Groundbreaking battery to cut electric car charging times from 75 minutes to just 10 minutes

Anthony Cuthbertson
Electric cars typically take longer than an hour to fully recharge: Getty/iStock

Engineers have discovered a way to recharge electric cars in just 10 minutes, overcoming one of the biggest obstacles with electric vehicles.

Electric cars currently take longer than an hour to fully recharge, with the original Tesla Model S taking 75 minutes to achieve a full charge.

Researchers at Pennsylvania State University developed a lithium-ion battery capable of adding 200 to 300 miles of driving range to an electric car in 10 minutes by charging it at an elevated temperature.

“In addition to fast charging, this design allows us to limit the battery’s exposure time to the elevated charge temperature, thus generating a very long cycle life,” said senior author Chao-Yang Wang, a mechanical engineer at Penn State University.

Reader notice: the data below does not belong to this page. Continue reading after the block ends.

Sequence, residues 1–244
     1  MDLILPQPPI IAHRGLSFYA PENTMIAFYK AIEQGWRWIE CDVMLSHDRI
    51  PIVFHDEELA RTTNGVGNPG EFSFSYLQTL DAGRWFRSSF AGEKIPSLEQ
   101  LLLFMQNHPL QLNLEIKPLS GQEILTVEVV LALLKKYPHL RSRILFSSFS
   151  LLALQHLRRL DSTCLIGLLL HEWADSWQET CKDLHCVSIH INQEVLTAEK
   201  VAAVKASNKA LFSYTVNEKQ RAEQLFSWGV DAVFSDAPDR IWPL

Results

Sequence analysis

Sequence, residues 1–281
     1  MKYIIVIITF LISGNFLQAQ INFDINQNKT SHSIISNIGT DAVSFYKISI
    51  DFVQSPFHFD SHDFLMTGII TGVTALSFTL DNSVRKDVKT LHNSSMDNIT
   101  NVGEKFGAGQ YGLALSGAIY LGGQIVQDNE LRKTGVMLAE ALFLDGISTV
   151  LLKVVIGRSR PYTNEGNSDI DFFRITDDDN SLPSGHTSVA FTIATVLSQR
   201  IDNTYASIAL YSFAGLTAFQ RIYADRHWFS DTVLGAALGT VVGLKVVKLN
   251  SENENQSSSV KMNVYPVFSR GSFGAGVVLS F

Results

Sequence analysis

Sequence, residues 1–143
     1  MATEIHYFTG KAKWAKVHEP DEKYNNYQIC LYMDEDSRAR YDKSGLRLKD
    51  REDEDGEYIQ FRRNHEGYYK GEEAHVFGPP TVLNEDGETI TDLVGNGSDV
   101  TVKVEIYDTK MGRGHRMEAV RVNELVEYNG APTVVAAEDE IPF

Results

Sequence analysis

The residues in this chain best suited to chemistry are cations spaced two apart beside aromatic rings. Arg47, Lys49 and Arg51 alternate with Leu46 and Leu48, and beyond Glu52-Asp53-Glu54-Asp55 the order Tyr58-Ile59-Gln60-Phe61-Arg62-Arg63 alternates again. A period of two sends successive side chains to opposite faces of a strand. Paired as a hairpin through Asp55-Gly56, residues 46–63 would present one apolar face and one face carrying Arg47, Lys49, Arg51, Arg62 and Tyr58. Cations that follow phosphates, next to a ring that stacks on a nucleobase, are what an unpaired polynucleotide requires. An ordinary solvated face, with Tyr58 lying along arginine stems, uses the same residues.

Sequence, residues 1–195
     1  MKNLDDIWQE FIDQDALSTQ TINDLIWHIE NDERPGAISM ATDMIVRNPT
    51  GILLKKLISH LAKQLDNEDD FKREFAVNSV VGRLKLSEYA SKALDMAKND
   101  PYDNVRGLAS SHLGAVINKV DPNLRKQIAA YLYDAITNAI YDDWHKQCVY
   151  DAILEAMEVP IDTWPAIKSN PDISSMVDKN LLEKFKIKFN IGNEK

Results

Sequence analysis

“The key is to realise rapid heating; otherwise, the battery will stay at elevated temperatures for too long, causing severe degradation ... The 10-minute trend is for the future and is essential for adoption of electric vehicles because it solves the range anxiety problem.”

The extremely fast charging process could be carried out without causing significant damage to the battery, meaning it could sustain 2,500 charging cycles – the equivalent of half a million miles of travel. Typical lithium-ion batteries would only last around 60 charges using the new method.

The discovery comes just weeks after the inventors of the first lithium-ion battery were awarded the 2019 Nobel Prize in Chemistry.

The combined work of John Goodenough, Stanley Whittingham and Akira Yoshino led to the first commercially viable lithium-ion battery being produced in 1985. They are now used in everything from mobile phones to laptops, as well as the rapidly growing electric vehicle industry.

The researchers now hope to improve this charge time to just five minutes.

“We are working to charge an energy-dense electric vehicle battery in five minutes without damaging it,” Mr Wang said.

“This will require highly stable electrolytes and active materials in addition to the self-heating structure we have invented.”

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